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'Lot of question marks' on government plans to support family physician compensation, says local doc

North Bay physician Dr. Taylor Lougheed said there are also questions about how the government plans to 'reduce the enormous admin burden faced by family physicians to allow them to maximize their clinical time with patients'
Dr. Taylor Lougheed

This story was first published by BayToday, a Village Media publication.

North Bay physician Dr. Taylor Lougheed is praising the Ontario government for its budget announcement this week that provides money for team-based medical care, but adds there is still plenty of work to do.

"There is a lot of frustration in family medicine, and by extension, the entire health-care system right now," he told BayToday. "It is broadly felt that dramatic action and significant investment is required to support family medicine, increase team-based care, and link patients with providers."

Team-based primary care offers a wide range of health services to patients by using interdisciplinary healthcare providers committed to delivering comprehensive, coordinated and high-quality care through team collaboration.

"There are an estimated 2.3 million patients without family doctors, and of those that do have family doctors approximately 70 per cent of them don’t have access to team-based care," explained Lougheed. "The announcement by the government in the recent budget for $564 million over the next three years to support an estimated 600,000 patients access to team-based primary care is important. There are still a lot of question marks, however, around government plans to support family physician compensation and reduce the enormous admin burden faced by family physicians, to allow them to maximize their clinical time with patients.

"It is also unclear if there are any plans to address the many Ontarians who will remain without a family doctor or team-based primary care under this funding announcement."

Ontario tabled a budget of $214 billion this week, its largest budget in provincial history.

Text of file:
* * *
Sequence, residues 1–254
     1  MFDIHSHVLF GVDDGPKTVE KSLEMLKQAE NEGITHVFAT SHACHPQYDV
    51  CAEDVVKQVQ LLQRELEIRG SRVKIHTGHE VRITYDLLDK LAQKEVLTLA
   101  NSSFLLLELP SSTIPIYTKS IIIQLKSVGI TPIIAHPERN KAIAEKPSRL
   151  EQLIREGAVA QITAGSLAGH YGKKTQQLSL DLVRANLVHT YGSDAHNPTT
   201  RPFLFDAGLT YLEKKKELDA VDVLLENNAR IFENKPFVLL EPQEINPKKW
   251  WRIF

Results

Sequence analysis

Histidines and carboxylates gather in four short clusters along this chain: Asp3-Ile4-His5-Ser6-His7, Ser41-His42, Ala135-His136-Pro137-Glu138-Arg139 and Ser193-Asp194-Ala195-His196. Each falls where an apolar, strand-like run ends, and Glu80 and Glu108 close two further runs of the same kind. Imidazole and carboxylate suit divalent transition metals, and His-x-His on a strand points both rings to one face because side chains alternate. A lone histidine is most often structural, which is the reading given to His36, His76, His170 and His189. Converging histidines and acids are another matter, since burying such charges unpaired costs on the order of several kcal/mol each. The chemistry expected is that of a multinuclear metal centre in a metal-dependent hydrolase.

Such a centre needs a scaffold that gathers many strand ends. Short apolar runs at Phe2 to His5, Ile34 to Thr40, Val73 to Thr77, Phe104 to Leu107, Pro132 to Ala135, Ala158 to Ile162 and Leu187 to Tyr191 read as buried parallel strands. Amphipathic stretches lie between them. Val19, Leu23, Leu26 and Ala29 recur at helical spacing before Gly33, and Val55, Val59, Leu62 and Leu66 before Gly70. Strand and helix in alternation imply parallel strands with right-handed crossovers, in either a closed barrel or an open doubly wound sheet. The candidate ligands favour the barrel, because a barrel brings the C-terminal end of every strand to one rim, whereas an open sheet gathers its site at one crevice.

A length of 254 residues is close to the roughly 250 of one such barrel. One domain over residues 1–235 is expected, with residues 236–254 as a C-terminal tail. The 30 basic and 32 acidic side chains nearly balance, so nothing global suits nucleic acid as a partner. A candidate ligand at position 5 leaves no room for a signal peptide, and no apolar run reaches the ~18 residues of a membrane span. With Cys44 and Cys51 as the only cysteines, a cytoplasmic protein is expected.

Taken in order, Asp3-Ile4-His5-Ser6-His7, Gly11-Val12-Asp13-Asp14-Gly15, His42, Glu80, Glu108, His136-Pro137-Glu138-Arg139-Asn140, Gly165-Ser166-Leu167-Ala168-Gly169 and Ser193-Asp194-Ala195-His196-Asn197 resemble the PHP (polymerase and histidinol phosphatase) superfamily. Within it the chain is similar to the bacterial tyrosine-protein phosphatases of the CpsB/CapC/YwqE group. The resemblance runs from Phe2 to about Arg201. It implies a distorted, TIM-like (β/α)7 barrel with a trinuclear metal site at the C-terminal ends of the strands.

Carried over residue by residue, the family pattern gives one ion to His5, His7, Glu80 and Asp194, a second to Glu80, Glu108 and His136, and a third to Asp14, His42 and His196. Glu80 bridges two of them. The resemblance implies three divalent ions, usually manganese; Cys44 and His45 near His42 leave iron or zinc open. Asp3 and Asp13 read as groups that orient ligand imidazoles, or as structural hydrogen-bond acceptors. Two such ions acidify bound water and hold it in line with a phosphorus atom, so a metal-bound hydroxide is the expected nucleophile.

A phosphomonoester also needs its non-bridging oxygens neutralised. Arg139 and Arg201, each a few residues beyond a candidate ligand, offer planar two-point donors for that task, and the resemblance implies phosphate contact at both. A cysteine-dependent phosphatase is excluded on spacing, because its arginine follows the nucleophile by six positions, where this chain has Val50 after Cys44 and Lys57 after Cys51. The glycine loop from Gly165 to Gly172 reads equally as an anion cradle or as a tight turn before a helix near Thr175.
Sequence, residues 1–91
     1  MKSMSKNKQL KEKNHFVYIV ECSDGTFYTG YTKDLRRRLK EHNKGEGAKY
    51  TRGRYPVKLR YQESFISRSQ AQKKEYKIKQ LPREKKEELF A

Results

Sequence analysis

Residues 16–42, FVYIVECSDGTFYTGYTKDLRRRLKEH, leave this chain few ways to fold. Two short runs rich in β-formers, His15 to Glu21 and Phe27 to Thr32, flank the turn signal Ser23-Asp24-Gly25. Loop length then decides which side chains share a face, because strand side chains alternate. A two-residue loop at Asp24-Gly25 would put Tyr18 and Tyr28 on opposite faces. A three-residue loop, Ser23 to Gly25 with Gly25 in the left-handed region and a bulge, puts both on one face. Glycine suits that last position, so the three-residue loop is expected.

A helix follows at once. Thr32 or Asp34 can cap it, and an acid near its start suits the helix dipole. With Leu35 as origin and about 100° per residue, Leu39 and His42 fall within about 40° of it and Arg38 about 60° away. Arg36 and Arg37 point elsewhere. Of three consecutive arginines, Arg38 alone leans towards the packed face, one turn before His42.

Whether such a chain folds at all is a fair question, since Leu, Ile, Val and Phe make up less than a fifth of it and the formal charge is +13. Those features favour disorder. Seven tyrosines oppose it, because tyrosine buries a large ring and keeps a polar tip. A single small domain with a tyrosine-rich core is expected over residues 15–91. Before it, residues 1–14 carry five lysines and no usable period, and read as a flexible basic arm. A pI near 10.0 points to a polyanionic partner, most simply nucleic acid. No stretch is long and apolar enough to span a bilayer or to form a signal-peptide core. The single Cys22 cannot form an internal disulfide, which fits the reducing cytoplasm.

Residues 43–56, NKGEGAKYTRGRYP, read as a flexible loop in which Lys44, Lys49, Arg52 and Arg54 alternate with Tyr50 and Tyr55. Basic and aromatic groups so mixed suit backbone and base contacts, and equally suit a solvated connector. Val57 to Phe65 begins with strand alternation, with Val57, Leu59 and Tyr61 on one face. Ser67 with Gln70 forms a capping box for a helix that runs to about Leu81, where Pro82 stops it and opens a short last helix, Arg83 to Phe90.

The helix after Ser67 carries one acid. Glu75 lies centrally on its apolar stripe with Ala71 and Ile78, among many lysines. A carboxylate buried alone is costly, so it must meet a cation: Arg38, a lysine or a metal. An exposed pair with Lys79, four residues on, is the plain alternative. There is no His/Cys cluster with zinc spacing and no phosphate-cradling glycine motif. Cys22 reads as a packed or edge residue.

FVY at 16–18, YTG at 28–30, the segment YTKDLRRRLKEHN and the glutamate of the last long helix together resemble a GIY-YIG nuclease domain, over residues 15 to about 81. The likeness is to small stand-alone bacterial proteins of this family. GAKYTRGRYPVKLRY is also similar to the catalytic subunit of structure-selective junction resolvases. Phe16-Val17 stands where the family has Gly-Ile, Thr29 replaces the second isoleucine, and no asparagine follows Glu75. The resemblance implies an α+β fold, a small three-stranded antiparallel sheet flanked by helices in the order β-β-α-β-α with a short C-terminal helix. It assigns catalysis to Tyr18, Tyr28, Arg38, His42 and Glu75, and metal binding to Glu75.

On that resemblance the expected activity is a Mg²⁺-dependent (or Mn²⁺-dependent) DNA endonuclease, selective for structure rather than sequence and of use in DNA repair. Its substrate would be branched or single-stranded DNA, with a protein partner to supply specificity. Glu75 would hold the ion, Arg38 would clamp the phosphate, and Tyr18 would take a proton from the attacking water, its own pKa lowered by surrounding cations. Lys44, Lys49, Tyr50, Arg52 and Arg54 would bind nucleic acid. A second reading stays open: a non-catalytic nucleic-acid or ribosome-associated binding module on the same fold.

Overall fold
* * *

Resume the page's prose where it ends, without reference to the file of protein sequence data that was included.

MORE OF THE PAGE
But Dr. David Barber, chair of the Section on General and Family Practice of the Ontario Medical Association, called it "another swing and a miss, with no relief for family doctors."

“It’s almost laughable at this point; for months, we’ve repeatedly brought up the crisis faced by family doctors; just like small businesses, they struggle to keep their lights on, deal with the same inflationary pressures, and yet, this funding does nothing to help family doctors stay in their practice. Family doctors know best about what will reduce the overwhelming burnout suffered by our section, and we need to be brought to the table to offer real solutions. This budget is entirely silent about our increased overhead costs and administrative burdens.”

“Until we begin to address the root of the issues facing family medicine, we will continue to lose our family doctors, fail to recruit new ones, and the government funding will continue being a band-aid solution,” says Dr. Barber. “It’s time to rip off the band-aid and work together to properly address the dismal state of family medicine in this province.”

The Ontario Medical Association estimates doctors spend, on average, 19 hours a week, or 40 per cent of their work weeks, completing paperwork. If they could defer that task to others and give them access to an integrated primary care team, it would be the equivalent of adding 2,000 doctors to the system, Provincial party Leader Marit  Stiles has said.

She believes the provincial government is using the health-care crisis as an excuse to allow privatization to seep into the system.

NDP Deputy Leader Sol Mamakwa called out "the blatant disregard for northern Ontario in the 2024 provincial budget."

"This 2024 budget still leaves northern Ontarians behind and waiting for the investment they need. Six years in and Ford still hasn't come up with solutions to our communities' pressing issues. Mental health, homelessness, healthcare crises, emergency rooms closing—the North is struggling because the government is failing to recognize our urgent needs."

Dr. David Barber wants further action. "We are ready to work with the government to solve this crisis, which will allow us to focus on providing quality care to our patients. Family doctors must be brought to the table, and the government must listen."

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